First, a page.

Race to Stanley Cup one of the most wide open in years
By Frank Pingue
(Reuters) - The two-month Stanley Cup playoff race begins this week boasting one of the most wide open fields in recent memory, with some perennial powerhouses having failed to qualify and very little separating the contenders.
The absence of the Los Angeles Kings, who became the first Stanley Cup champions to miss the playoffs in their defending season since 2007, and Boston Bruins, who won it all in 2011 and had the best record last year, has given hope to many others.
Playoff teams were separated by a mere 16 points during the regular season, which is the smallest gap since the NHL adopted a 16-team postseason format for the 1979-80 season.
Not only will the tournament feature seven teams that missed the cut last year, it will also include five of Canada's seven teams, representing the most from the hockey-mad nation since 2004.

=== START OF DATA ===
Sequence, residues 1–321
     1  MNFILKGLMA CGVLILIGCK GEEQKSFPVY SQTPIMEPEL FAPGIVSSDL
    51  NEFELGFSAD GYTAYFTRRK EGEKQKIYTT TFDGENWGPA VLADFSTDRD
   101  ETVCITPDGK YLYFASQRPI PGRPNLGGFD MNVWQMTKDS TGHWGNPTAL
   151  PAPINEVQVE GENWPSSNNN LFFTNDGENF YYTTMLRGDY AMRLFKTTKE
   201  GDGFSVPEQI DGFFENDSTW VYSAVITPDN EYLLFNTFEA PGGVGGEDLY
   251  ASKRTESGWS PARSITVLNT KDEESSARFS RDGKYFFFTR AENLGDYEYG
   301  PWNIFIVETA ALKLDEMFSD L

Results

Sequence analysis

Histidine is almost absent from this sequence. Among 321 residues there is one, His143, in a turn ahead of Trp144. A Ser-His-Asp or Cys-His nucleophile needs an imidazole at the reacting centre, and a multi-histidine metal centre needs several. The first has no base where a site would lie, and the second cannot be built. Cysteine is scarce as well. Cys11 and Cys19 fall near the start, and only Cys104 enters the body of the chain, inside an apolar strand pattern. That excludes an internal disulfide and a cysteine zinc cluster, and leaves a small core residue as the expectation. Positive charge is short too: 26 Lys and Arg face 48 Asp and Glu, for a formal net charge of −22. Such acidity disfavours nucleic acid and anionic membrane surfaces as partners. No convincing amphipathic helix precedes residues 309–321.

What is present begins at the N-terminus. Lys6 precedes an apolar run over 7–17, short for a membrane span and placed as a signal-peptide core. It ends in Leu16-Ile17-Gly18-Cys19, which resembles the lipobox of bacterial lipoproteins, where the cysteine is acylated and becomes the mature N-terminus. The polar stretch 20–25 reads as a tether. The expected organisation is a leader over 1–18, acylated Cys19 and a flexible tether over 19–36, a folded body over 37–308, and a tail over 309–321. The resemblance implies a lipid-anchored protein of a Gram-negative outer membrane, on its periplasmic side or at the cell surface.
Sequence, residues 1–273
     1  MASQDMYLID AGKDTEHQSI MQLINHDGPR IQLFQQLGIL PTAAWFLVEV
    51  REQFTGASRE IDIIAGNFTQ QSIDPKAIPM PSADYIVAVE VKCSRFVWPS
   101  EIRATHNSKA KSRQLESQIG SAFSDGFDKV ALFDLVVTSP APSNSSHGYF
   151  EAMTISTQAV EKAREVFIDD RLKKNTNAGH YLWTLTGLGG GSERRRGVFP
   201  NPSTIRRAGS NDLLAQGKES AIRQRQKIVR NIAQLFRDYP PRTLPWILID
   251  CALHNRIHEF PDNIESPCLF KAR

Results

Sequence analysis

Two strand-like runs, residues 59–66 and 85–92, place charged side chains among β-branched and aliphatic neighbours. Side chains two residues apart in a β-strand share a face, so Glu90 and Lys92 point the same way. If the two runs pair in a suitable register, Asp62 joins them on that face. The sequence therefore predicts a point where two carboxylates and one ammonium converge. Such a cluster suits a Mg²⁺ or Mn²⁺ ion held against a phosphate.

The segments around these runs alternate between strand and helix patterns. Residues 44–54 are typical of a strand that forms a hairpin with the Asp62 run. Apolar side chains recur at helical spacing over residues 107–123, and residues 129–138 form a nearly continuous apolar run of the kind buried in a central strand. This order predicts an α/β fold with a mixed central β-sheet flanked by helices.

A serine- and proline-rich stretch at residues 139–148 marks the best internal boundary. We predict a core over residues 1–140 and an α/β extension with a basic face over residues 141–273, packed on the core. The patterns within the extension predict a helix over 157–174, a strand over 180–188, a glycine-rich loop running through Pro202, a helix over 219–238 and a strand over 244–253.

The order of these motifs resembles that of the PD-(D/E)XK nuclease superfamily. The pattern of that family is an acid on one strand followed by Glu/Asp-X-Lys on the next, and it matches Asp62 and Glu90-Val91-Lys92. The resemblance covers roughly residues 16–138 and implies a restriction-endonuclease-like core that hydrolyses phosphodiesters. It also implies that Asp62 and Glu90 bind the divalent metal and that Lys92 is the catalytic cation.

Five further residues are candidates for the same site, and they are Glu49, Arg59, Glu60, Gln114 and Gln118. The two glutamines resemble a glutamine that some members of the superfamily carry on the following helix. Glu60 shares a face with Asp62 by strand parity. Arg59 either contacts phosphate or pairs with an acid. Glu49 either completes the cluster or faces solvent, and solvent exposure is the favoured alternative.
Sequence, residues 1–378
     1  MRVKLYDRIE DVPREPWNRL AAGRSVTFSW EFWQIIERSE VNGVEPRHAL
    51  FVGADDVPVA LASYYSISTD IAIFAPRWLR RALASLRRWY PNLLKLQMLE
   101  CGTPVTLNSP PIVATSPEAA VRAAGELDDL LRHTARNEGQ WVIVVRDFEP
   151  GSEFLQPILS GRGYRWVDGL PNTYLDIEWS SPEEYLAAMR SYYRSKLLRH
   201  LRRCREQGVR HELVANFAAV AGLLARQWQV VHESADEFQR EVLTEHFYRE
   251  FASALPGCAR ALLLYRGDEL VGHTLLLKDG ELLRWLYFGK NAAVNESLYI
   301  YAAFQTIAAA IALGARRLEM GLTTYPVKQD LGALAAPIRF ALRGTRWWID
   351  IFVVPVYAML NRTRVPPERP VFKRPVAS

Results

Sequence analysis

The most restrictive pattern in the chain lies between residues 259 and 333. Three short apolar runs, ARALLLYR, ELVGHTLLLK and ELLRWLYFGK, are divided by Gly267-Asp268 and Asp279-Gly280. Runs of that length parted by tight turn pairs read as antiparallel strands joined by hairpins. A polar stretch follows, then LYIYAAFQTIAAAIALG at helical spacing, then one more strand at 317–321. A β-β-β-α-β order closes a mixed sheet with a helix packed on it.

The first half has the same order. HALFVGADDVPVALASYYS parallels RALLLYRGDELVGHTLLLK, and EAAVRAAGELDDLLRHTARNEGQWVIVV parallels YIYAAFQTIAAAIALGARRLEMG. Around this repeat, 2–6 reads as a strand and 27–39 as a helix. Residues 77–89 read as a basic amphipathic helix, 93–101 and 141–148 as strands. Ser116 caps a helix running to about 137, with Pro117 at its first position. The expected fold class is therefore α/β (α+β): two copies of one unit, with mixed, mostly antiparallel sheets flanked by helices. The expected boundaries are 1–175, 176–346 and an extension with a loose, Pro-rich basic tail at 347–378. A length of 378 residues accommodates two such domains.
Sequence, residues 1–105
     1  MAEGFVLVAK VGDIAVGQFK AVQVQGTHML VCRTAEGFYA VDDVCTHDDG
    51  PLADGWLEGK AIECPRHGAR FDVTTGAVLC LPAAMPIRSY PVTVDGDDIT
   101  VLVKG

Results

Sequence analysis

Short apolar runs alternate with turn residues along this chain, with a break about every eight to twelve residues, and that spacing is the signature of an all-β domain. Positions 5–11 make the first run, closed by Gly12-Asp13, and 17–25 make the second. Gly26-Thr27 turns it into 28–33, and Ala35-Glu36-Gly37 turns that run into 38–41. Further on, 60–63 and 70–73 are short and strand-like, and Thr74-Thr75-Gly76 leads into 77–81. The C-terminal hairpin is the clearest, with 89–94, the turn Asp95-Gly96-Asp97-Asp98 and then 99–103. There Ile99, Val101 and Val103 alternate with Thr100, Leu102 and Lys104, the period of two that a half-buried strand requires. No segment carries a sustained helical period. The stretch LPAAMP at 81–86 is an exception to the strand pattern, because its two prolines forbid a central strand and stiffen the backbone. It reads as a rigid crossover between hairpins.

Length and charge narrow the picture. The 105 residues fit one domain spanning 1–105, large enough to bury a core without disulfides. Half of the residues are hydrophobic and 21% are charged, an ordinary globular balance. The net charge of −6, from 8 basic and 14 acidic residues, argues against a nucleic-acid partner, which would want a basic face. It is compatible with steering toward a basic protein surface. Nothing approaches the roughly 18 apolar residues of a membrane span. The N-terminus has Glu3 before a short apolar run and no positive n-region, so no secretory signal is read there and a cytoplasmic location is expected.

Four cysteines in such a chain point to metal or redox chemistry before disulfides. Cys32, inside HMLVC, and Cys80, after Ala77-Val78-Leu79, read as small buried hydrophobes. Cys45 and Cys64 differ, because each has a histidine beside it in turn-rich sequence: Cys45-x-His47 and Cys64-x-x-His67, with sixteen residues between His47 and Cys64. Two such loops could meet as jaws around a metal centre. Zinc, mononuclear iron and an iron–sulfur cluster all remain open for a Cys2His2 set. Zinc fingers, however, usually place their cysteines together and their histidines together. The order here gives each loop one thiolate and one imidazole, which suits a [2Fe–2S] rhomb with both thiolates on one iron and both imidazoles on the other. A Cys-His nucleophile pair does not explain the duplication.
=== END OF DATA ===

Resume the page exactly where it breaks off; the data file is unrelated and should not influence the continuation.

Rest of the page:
The race to capture hockey's ultimate prize requires a team to win four best-of-seven playoff series. The action begins on Wednesday with Montreal, Washington, Nashville and Vancouver hosting the openers of their respective series.
The New York Rangers have earned home-ice advantage for the playoffs after finishing first overall in the regular season. But that guarantees them nothing more than a first-round date with reigning league MVP Sidney Crosby and the Pittsburgh Penguins.
The Anaheim Ducks, powered by Ryan Getzlaf and Corey Perry, are the top seed in the Western Conference, but could be in tough versus a physical and fast Winnipeg Jets team that finished 10 points below them in the standings.
The Ottawa Senators put together a late-season surge behind the storybook play of goalie Andrew Hammond, earning a wild-card playoff berth and a matchup with the rival Montreal Canadiens and Carey Price, the NHL's top netminder. Continued...